The Psychology of Strategy
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In September of 2010 there was a big event held by a major tech company to announce their latest generation of smartphones. The keynote showed off all the wonderful apps made by their developer community, their superior multitasking ability, advanced mapping technologies, and full-sized touchscreens. The key to this company’s strategy was an integration between hardware, operating systems, and software. They were the world’s largest mobile phone maker, and quite profitable too, thanks to superior supply chain management.
The narrative of the event was exactly right. It showed a deep understanding of what a winning strategy in mobile should look like. There was only one problem: the company running the event was Nokia, and the substance underneath their narrative was exactly wrong.
Within three years, Nokia would sell their mobile phone division to Microsoft for $7 billion—a 97% decline from their peak market cap of $273 billion in the dot-com boom era.
In retrospect it’s easy to see that their OS was nowhere near good enough, that they didn’t realistically have the right team to build one, and that just because they sunk so much effort in it over the years didn’t mean that it was a good reason to stay the course. It’s easy to speculate that perhaps Nokia could have gone the way of Samsung, which was also a big player in the pre-smartphone era, but somehow managed to avoid obsoletion and grow even more dominant today.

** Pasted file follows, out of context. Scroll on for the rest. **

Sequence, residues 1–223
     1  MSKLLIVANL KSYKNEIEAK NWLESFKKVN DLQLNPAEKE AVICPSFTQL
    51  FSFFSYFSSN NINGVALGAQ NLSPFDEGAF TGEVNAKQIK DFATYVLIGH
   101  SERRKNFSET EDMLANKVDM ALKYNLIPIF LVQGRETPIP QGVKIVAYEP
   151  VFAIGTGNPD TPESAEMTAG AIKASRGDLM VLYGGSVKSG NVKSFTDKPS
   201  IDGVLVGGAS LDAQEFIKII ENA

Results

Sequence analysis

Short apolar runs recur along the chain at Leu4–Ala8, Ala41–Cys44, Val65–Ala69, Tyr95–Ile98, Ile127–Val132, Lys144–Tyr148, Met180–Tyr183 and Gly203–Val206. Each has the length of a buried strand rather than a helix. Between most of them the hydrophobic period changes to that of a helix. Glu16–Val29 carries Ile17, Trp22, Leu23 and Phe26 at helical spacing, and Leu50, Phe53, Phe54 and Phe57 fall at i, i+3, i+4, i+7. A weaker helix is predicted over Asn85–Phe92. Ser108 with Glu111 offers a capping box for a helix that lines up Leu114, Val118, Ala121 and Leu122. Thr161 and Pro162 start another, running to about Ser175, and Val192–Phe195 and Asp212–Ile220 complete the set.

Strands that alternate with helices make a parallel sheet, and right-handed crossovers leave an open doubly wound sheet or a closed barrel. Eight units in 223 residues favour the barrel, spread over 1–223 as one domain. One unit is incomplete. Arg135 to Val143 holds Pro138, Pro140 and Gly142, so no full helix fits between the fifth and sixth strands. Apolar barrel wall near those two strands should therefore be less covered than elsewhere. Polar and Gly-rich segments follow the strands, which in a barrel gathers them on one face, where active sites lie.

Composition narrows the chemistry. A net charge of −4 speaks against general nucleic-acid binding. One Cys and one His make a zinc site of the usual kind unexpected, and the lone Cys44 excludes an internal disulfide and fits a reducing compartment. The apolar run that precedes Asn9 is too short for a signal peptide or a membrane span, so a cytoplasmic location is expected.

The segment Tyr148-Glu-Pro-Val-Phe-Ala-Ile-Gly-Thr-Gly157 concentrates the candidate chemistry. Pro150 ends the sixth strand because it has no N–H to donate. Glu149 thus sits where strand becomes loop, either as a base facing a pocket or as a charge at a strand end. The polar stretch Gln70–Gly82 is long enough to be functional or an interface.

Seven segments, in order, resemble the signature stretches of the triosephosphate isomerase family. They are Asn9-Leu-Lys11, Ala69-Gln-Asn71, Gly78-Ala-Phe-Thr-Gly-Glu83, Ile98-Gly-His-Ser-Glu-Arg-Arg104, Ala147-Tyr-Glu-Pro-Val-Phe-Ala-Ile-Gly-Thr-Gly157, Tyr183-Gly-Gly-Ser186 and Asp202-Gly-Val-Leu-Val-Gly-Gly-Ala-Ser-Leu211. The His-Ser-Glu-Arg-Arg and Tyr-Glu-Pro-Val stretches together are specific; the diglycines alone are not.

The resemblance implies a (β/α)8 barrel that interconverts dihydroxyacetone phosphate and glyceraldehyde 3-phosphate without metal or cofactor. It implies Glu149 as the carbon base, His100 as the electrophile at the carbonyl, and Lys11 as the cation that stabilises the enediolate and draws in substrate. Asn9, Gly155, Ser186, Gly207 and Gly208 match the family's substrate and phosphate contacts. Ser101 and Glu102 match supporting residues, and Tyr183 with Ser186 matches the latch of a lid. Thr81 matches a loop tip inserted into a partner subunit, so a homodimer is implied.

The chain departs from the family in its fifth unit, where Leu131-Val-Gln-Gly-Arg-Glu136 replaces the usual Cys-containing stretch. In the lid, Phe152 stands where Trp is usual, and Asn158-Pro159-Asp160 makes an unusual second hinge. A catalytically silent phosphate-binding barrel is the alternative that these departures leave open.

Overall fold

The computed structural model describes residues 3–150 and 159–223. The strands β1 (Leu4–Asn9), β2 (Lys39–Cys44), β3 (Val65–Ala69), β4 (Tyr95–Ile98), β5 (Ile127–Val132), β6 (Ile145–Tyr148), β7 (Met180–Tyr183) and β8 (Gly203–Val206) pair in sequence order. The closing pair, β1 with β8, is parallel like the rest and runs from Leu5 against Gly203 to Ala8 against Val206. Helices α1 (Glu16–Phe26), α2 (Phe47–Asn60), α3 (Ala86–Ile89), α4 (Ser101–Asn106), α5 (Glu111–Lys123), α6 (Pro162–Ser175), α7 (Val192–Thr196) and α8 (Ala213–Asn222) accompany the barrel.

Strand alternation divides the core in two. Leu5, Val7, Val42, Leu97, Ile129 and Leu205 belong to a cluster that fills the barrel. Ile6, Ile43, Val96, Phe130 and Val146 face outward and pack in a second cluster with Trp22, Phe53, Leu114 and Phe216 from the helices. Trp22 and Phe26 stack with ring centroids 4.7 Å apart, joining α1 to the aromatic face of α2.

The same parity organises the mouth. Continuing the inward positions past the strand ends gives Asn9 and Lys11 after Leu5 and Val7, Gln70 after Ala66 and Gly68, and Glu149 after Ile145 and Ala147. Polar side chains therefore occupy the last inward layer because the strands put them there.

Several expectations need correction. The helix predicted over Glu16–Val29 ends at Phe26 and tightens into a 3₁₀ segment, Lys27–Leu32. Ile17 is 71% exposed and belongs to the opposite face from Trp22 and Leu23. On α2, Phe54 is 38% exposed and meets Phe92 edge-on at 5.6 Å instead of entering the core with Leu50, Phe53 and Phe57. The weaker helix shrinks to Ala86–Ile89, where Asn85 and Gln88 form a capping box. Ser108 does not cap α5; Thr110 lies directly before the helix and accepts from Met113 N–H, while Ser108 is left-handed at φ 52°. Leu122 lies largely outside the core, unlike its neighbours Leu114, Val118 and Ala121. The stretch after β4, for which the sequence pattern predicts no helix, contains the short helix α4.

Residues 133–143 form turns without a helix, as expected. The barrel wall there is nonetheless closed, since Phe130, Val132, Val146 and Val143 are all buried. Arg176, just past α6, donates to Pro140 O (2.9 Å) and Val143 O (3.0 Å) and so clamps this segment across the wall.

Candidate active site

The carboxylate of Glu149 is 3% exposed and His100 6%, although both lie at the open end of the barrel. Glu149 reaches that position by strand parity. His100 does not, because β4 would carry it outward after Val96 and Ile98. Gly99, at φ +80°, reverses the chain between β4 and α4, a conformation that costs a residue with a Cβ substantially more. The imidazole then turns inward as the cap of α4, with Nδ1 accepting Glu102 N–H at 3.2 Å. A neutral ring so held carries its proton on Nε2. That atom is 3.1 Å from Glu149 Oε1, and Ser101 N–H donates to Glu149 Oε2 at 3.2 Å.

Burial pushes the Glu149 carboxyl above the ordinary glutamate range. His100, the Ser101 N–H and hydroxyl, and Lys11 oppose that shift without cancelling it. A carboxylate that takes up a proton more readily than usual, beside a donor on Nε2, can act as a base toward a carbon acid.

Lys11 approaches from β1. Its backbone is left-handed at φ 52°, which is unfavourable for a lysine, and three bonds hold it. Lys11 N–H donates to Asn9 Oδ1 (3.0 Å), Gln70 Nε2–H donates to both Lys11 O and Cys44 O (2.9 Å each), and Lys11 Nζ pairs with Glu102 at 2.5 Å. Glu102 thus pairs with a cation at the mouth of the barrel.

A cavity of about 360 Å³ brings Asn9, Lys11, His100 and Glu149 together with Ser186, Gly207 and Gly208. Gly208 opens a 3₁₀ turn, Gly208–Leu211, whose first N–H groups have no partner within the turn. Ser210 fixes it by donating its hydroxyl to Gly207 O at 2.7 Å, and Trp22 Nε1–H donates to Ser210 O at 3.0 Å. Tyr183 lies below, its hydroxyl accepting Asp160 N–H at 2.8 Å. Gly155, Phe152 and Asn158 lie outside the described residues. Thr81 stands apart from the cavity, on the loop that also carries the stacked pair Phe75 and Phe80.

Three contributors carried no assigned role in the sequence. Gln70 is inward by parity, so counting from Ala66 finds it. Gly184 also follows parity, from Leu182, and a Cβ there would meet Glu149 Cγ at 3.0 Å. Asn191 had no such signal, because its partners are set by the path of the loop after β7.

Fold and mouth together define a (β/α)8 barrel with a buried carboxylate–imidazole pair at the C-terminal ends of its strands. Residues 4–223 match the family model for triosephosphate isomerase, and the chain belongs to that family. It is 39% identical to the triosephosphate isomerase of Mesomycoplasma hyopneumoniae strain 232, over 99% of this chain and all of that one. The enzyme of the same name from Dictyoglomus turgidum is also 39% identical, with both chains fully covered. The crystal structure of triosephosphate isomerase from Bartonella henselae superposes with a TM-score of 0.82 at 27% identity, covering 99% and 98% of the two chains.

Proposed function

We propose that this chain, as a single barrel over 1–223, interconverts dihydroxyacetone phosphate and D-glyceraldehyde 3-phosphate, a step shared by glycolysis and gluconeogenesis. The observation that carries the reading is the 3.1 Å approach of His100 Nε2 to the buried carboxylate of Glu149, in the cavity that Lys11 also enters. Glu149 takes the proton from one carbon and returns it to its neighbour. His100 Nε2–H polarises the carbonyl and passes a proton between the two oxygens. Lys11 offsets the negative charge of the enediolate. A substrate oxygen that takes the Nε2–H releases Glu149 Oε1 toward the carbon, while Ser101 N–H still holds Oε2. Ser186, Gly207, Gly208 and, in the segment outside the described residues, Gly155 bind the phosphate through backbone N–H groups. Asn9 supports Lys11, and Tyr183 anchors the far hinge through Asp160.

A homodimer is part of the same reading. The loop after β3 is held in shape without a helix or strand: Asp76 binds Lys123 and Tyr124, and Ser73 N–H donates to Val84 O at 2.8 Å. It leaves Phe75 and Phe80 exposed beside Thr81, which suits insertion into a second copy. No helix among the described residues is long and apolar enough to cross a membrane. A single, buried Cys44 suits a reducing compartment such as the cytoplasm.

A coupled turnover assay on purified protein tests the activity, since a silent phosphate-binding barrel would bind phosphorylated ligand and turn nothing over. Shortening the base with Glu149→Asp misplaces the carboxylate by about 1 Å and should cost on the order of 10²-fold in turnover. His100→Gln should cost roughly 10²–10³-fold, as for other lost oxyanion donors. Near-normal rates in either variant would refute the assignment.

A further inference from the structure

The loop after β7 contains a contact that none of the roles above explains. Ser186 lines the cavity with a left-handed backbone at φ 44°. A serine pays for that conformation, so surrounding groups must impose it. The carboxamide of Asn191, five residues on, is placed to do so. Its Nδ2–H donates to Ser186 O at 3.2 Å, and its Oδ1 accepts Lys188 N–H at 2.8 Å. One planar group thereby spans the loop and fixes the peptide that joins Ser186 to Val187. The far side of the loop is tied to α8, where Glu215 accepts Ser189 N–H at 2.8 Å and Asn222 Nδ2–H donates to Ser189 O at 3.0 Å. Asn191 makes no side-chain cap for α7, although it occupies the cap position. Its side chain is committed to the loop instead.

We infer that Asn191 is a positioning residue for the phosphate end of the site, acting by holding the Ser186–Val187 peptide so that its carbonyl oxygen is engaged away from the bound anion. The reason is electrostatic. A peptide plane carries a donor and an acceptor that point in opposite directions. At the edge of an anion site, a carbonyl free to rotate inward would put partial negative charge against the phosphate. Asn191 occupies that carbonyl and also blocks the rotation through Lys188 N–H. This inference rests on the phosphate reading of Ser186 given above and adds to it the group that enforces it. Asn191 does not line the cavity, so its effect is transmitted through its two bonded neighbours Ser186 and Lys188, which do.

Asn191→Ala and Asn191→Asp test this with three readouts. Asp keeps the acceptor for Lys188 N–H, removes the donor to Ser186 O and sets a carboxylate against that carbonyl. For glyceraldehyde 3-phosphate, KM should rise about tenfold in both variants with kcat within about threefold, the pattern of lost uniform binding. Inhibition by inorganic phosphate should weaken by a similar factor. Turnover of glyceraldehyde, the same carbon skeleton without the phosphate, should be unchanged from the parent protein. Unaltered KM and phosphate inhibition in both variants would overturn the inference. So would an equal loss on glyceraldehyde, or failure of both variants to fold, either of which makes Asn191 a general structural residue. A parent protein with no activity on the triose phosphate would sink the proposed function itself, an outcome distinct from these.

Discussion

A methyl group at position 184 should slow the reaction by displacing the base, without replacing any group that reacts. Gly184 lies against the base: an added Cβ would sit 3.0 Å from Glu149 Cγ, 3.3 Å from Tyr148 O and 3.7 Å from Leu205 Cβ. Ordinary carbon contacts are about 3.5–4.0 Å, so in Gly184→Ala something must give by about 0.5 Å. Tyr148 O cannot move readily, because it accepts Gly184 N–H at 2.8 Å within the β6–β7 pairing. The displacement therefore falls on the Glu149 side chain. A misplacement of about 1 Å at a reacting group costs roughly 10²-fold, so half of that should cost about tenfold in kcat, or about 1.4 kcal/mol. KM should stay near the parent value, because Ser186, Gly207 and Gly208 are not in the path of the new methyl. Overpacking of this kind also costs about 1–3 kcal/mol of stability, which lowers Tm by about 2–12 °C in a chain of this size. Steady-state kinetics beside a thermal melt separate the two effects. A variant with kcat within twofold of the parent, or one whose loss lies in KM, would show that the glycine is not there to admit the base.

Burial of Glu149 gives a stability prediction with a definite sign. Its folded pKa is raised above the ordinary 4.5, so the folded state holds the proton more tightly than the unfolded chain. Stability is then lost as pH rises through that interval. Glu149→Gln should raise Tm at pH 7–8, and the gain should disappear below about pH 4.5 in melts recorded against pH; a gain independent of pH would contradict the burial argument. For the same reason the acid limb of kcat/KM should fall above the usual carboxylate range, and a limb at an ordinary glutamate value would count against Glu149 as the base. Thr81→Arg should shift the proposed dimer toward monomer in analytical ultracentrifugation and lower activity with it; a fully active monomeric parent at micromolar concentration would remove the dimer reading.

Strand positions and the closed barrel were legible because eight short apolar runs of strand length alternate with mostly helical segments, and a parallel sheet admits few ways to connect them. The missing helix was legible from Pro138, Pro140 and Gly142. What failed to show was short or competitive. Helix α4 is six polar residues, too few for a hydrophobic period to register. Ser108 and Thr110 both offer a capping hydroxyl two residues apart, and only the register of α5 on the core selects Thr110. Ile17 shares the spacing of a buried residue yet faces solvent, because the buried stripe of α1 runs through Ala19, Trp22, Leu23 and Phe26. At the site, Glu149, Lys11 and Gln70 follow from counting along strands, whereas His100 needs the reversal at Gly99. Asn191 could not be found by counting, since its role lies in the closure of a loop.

But it’s only easy to say that now, with the benefit of hindsight and zero personal stakes in the matter. I don’t know what it must have felt like to be in their position at the time. I’m sure it wasn’t easy to see clearly.
When a key Nokia executive—one of the visionaries behind their domination of 90s and early 2000’s—was asked at the time why the Finnish mobile behemoth didn’t abandon their inferior OS and switch to Android, this is what he had to say:
Switching to Android would be like peeing in your pants to keep warm in the winter: temporary relief is followed by an even worse predicament.
This obviously did not turn out to be correct. There are many Android smartphone makers that are in a much better position than Nokia is today.
Why couldn’t Nokia see it?
When thinking through a business’s strategy, most of us naturally start with the most basic, immediate questions: What job does the product do? Why now? Any significant dependencies? What alternatives exist, and how do they compare? Rationalists call this the ‘object level’ discussion.
But at a certain point, in order to make sense of all the detail in the object level, the focus must shift to the meta level: general principles of business strategy, like knowledge of how markets work, where power tends to accrete in value chains, and the forces that drive consumer and organizational behavior. Any analysis happening at the object level depends on the strength of the generally applicable paradigms we’re using from the meta level.
Pretty much everything I’ve written in Divinations so far falls into one of these two levels, about a specific company (object level) or strategy principle (meta level).
Based on my own recent experience, I’m realizing just how important it is to become familiar with the mistakes many managers make on this level.
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